Sit in Grandpa's chair." The laughing voice rises from my office chair as Max bounces up and down. Max is my six-year-old grandson, and his visits are a whirl of McDonald's Happy Meals and rambunctious splashes in the pool.
When strangers see Max for the first time, they're immediately drawn to the blond, tousle-haired youngster. But in a few moments, they also notice that Max is different. You see, Max is autistic.
And today kids not very different from Max are being targeted for elimination.
Prenatal testing has become so sophisticated that doctors can now identify many disabilities before birth. But since most have no cure, the only way to "prevent" the disability is to prevent the baby's birth. Thus abortion is bringing back eugenics—the idea of weeding out "defectives" and upgrading our genetic stock.
Consider: In 1990 Joycelyn Elders said that abortion "has had an important, and positive, public-health effect" by reducing "the number of children afflicted with severe defects." Here was a public health official praising "the eugenic utility of abortion," notes Tucker Carlson in the Weekly Standard. Abortion is cast not merely as a private choice but also as a way to improve the species.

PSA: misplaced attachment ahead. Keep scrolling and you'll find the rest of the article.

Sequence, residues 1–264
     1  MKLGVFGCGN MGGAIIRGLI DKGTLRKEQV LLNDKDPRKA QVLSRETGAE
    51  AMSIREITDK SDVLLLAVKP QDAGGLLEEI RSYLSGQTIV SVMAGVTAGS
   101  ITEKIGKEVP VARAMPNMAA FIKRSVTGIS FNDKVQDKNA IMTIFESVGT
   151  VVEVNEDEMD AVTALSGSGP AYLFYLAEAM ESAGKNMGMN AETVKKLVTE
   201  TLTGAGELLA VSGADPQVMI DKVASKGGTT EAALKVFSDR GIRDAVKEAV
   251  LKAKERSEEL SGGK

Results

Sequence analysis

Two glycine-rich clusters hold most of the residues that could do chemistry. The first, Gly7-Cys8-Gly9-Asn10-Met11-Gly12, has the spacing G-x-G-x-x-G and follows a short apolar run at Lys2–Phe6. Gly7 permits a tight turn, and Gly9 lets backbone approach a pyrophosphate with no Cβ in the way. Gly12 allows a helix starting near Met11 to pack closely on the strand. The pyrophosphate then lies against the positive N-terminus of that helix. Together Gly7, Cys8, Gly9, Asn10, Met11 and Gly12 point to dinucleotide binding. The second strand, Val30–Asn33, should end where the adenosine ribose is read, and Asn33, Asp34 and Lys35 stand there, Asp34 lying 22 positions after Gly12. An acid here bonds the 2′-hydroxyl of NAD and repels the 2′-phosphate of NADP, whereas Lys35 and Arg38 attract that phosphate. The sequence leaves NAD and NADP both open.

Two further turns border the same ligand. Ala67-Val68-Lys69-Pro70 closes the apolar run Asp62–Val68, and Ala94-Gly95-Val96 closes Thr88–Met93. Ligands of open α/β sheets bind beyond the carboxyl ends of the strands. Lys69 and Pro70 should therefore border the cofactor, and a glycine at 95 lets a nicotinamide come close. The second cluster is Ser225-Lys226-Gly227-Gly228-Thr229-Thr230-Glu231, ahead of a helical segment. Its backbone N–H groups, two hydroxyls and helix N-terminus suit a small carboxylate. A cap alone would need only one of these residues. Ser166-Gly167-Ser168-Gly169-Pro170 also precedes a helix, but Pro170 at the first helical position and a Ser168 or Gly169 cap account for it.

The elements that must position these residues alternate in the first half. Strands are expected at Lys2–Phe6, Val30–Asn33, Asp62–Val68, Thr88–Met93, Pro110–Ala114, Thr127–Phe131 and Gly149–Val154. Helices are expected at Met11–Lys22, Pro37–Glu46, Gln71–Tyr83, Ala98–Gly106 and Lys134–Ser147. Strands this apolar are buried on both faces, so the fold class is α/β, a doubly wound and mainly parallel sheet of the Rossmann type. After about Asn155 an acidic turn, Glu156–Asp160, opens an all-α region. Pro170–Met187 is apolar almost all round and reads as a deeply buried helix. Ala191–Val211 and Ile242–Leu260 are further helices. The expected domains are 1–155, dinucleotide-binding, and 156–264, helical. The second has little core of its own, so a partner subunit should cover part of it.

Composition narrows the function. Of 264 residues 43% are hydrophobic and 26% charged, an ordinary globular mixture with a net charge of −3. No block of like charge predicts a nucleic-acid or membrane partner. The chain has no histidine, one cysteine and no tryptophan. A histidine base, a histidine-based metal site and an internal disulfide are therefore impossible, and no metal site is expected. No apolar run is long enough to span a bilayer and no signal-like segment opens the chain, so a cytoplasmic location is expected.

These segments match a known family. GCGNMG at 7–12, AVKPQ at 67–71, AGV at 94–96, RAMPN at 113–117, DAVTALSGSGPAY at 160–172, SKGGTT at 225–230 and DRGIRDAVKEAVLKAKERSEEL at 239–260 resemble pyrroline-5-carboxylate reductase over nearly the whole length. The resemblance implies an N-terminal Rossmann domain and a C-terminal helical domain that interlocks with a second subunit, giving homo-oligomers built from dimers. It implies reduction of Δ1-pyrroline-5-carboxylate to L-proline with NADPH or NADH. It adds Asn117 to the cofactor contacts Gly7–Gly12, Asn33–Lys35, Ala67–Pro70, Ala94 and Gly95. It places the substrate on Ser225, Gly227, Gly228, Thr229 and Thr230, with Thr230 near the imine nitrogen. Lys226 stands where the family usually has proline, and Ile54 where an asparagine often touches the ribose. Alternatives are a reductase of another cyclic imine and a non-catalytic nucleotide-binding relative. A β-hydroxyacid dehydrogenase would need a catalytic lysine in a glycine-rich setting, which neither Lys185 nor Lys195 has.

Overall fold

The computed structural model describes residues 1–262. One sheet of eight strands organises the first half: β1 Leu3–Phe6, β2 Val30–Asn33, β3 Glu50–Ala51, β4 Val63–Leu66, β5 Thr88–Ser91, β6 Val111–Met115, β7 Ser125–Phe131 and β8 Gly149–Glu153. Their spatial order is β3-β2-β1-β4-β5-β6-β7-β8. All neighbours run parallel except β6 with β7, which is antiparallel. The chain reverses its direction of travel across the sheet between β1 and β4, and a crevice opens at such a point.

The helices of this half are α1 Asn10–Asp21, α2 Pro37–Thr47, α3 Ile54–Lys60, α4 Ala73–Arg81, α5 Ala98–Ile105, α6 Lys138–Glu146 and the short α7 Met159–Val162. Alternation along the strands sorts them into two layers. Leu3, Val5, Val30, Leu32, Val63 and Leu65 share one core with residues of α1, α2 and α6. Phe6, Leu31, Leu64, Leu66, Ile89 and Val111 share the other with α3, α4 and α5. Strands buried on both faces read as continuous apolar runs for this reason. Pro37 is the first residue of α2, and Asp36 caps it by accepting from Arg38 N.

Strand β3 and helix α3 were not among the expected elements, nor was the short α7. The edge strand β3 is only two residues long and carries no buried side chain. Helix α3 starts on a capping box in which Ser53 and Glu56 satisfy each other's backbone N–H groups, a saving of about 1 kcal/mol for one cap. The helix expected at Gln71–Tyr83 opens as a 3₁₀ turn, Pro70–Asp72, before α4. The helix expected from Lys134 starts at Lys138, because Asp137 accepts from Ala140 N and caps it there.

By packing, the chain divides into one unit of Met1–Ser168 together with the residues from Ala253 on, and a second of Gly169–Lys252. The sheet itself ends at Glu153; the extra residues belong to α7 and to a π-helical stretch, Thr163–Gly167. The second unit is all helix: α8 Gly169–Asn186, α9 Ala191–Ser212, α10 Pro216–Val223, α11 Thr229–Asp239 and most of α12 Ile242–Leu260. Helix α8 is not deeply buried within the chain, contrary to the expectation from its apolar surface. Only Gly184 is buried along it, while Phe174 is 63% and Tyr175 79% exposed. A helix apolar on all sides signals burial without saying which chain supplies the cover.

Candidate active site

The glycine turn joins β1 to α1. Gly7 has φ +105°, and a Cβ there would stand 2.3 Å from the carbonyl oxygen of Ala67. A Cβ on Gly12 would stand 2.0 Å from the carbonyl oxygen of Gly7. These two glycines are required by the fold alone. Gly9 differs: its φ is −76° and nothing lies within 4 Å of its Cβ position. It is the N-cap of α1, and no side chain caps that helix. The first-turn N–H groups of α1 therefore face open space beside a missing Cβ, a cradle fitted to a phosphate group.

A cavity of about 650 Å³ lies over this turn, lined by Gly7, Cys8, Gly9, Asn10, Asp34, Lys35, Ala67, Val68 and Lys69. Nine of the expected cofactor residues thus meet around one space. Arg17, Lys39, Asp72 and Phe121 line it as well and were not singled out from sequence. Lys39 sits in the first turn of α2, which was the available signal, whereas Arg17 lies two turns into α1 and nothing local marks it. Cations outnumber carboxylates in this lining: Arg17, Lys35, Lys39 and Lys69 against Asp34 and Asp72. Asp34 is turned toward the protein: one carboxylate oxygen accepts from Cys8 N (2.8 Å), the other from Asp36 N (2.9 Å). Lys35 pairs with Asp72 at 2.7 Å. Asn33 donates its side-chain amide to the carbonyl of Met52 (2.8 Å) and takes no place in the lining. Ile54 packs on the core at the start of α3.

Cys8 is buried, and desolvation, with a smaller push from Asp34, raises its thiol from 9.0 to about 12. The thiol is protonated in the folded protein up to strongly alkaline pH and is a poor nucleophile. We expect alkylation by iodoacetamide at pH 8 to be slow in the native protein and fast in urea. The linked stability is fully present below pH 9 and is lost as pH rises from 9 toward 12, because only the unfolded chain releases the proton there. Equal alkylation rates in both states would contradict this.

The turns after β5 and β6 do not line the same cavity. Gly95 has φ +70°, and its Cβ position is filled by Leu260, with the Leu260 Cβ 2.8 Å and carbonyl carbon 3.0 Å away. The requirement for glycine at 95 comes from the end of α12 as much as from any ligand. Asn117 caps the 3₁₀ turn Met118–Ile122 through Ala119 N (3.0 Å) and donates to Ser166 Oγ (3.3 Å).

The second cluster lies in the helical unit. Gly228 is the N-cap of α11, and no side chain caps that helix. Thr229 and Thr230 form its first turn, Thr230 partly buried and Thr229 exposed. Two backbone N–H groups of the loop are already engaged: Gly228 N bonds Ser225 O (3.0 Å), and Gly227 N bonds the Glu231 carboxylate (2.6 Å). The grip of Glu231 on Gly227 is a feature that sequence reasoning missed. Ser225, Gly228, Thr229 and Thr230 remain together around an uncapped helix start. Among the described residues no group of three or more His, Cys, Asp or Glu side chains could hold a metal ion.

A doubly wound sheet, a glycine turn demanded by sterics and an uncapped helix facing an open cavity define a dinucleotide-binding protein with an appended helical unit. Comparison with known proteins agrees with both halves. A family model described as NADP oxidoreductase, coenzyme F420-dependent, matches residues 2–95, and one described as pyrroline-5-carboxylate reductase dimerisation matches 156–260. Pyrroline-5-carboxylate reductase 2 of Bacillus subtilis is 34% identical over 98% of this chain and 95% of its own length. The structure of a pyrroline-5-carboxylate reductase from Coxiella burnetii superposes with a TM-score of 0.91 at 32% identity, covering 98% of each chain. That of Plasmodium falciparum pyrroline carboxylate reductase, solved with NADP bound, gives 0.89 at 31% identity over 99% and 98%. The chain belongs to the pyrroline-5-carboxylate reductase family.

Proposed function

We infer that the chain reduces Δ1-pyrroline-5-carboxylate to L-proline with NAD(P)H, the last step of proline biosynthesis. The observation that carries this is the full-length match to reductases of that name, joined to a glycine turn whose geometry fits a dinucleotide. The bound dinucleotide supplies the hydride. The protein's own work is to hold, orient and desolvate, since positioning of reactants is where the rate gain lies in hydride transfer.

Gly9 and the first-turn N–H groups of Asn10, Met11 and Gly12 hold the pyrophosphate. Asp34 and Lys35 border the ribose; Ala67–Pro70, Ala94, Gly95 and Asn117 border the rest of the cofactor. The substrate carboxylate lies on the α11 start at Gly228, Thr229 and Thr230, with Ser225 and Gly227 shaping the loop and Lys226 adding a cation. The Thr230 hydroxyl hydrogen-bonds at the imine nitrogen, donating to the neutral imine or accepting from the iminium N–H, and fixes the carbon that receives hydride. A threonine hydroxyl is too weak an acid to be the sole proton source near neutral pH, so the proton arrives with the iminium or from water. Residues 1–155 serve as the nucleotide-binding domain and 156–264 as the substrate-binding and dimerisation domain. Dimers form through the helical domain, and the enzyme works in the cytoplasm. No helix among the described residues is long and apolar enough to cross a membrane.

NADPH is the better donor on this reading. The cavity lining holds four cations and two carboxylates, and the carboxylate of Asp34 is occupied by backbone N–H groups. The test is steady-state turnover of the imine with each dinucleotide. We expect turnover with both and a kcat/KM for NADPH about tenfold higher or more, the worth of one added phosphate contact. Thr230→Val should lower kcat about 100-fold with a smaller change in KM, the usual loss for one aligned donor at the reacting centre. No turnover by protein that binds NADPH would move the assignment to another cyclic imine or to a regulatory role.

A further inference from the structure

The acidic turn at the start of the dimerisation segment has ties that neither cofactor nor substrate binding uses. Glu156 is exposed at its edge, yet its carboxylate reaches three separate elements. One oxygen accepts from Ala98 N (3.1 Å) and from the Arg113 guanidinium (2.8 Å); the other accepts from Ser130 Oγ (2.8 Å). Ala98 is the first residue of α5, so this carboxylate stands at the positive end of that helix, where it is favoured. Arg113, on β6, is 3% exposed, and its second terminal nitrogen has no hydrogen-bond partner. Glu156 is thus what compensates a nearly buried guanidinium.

Take the case of Down syndrome. Studies reveal that when pregnant women learn they are carrying a Down syndrome baby, 90 percent have an abortion. Many say they are acting under pressure from doctors and insurance companies. In a Canadian study, one in three of the mothers said she felt "more or less forced" to abort.
The arguments wielded to "force" women are often crassly economic. Nachum Sicherman of Columbia Business School calls abortion of Down syndrome babies "a great cost saving." Dr. Mark Evans, director of Detroit's Center ...1
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